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Behavior Questions and Answers --3

Foreword: "All models are wrong, but some are useful...."

Question: What are your greatest strengths?
Answer: You know that your key strategy is to first uncover your interviewer's greatest wants and needs before you answer questions.

And from Question 1, you know how to do this.

Prior to any interview, you should have a list mentally prepared of your greatest strengths. You should also have, a specific example or two, which illustrates each strength, an example chosen from your most recent and most impressive achievements.

You should, have this list of your greatest strengths and corresponding examples from your achievements so well committed to memory that you can recite them cold after being shaken awake at 2:30AM.

Then, once you uncover your interviewer's greatest wants and needs, you can choose those achievements from your list that best match up.

As a general guideline, the 10 most desirable traits that all employers love to see in their employees are:

A proven track record as an achiever...especially if your achievements match up with the employer's greatest wants and needs.

Intelligence...management "savvy".
Honesty...integrity...a decent human being.
Good fit with corporate culture...someone to feel comfortable with...a team player who meshes well with interviewer's team.
Likeability...positive attitude...sense of humor.
Good communication skills.
Dedication...willingness to walk the extra mile to achieve excellence.
Definiteness of purpose...clear goals.
Enthusiasm...high level of motivation.
Confident...healthy... a leader.

Question: Are you a team player?

Answer:
Teamwork is the key. Almost everyone says yes to this question. But it is not just a yes/no question. You need to provide behavioral examples to back up your answer.

A sample answer:
"Yes, I’m very much a team player. In fact, I’ve had opportunities in my work, school and athletics to develop my skills as a team player. For example, on a recent project..." Emphasize teamwork behavioral examples and focus on your openness to diversity of backgrounds. Talk about the strength of the team above the individual. And note that this question may be used as a lead in to questions around how you handle conflict within a team, so be prepared You are, of course, a team player.

Be sure to have examples ready. Specifics that show you often perform for the good of the team rather than for yourself are good evidence of your team attitude. Do not brag, just say it in a matter-of-fact tone. This is a key point.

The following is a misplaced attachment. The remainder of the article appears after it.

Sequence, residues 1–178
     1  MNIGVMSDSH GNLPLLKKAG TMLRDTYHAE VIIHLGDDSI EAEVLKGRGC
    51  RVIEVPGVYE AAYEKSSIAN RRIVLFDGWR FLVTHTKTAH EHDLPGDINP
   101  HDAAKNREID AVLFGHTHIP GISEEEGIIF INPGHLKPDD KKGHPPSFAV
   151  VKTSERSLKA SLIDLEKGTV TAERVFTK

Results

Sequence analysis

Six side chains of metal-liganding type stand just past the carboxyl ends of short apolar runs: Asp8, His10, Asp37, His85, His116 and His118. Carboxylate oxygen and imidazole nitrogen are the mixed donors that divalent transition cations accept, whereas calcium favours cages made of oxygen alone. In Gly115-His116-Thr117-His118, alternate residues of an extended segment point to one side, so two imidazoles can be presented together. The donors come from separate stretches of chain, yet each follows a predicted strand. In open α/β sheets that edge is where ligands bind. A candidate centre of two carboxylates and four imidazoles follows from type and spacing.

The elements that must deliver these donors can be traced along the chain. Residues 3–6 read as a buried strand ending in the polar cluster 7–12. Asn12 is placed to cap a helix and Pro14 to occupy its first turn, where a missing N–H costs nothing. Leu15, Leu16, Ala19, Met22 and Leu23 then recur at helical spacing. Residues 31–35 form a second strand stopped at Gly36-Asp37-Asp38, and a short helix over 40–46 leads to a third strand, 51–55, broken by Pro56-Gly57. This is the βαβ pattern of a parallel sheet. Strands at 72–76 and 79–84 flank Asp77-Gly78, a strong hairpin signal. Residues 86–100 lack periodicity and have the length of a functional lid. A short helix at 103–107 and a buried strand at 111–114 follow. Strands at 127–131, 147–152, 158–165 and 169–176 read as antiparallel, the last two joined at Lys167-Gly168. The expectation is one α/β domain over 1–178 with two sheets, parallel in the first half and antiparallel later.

Question: Why are you leaving (or did you leave) this position ?
Answer:
(If you have a job presently tell the hr) If you’re not yet 100% committed to leaving your present post, don’t be afraid to say so. Since you have a job, you are in a stronger position than someone who does not. But don’t be coy either. State honestly what you’d be hoping to find in a new spot. Of course, as stated often before, you answer will all the stronger if you have already uncovered what this position is all about and you match your desires to it.

(If you do not presently have a job tell the hr.) Never lie about having been fired. It’s unethical – and too easily checked. But do try to deflect the reason from you personally. If your firing was the result of a takeover, merger, division wide layoff, etc., so much the better.

But you should also do something totally unnatural that will demonstrate consummate professionalism. Even if it hurts , describe your own firing – candidly, succinctly and without a trace of bitterness – from the company’s point-of-view, indicating that you could understand why it happened and you might have made the same decision yourself.

Your stature will rise immensely and, most important of all, you will show you are healed from the wounds inflicted by the firing. You will enhance your image as first-class management material and stand head and shoulders above the legions of firing victims who, at the slightest provocation, zip open their shirts to expose their battle scars and decry the unfairness of it all.

For all prior positions: Make sure you’ve prepared a brief reason for leaving. Best reasons: more money, opportunity, responsibility or growth.

Source: http://web.wenxuecity.com/BBSView.php?SubID=career&MsgID=158267

Related links:

Continue to Behavior Questions --4: Why should I hire you? Why are you leaving?
Back to Behavior Questions --2: What is your greatest weakness?
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